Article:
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Disordered eating in Sami and non-Sami Norwegian populations: the SAMINOR 2 Clinical Survey

  • Kirsti Kvaløy (a1) (a2), Marita Melhus (a1), Anne Silviken (a1) (a3), Magritt Brustad (a4), Tore Sørlie (a5) (a6) and Ann Ragnhild Broderstad (a1) (a7)...

The present study aimed to investigate disordered eating (DE) among Sami compared with non-Sami residing in northern Norway.


In a cross-sectional design, stratified by sex and ethnicity, associations were tested between DE (Eating Disturbance Scale; EDS-5) and age, education level, BMI category, anxiety and depression, physical activity and consumption of snacks.


The SAMINOR 2 Clinical Survey (2012–2014) based on the population of ten municipalities in northern Norway.


Adults aged 40–69 years; 1811 Sami (844 male, 967 female) compared with 2578 non-Sami (1180 male, 1398 female) individuals.


No overall significant ethnic difference in DE was identified, although comfort eating was reported more often by Sami individuals (P=0·01). Regardless of ethnicity and sex, symptoms of anxiety and depression were associated with DE (P<0·001). Furthermore, DE was more common at lower age and higher BMI values. Education levels were protectively associated with DE among Sami men (P=0·01). DE was associated (OR, 95% CI) with low physical activity in men in general and in non-Sami women (Sami men: 2·4, 1·4, 4·0; non-Sami men: 2·2, 1·4, 3·6; non-Sami women: 1·8, 1·2, 2·9) and so was the consumption of snacks (Sami men: 2·6, 1·3, 5·0; non-Sami men: 1·9, 1·1, 3·1; non-Sami women: 2·1, 1·3, 3·4).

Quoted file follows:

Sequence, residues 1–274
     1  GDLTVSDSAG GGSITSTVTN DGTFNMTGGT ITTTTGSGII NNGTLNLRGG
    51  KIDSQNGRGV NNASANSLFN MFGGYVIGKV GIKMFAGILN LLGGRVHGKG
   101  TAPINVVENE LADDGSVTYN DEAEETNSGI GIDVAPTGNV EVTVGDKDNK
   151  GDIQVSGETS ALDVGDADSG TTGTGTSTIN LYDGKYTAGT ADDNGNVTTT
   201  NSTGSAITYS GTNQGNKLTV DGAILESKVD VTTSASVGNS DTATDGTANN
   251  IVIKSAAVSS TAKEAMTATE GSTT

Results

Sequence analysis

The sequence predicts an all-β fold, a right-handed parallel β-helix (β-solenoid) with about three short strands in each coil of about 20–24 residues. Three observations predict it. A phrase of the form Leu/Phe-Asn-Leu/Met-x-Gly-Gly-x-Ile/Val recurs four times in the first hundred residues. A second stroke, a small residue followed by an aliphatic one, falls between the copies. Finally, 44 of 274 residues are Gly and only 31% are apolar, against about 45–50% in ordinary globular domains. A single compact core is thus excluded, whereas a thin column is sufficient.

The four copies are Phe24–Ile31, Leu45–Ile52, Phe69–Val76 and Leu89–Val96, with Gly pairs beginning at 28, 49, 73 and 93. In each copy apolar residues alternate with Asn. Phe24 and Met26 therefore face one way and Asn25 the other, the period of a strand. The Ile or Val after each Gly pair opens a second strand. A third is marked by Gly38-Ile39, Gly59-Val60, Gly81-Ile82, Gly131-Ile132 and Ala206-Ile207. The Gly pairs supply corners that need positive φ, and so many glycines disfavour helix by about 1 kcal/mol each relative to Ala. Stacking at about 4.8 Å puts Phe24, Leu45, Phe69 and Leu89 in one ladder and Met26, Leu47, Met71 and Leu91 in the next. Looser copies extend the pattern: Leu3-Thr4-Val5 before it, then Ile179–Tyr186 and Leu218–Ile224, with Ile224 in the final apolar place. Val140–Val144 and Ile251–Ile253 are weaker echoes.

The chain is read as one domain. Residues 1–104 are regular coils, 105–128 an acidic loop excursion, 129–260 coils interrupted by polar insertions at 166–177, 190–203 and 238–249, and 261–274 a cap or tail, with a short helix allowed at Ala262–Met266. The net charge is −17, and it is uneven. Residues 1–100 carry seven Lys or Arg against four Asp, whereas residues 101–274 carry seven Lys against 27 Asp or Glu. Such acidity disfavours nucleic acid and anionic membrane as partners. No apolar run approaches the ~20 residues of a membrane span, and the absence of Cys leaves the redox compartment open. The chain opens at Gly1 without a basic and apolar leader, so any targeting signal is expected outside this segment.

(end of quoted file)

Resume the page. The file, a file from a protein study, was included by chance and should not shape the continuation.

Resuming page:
There were no significant differences regarding overall DE comparing Sami with non-Sami, although Sami more often reported comfort eating. There were significant sex and ethnic differences related to DE and physical activity, snacking and education level.

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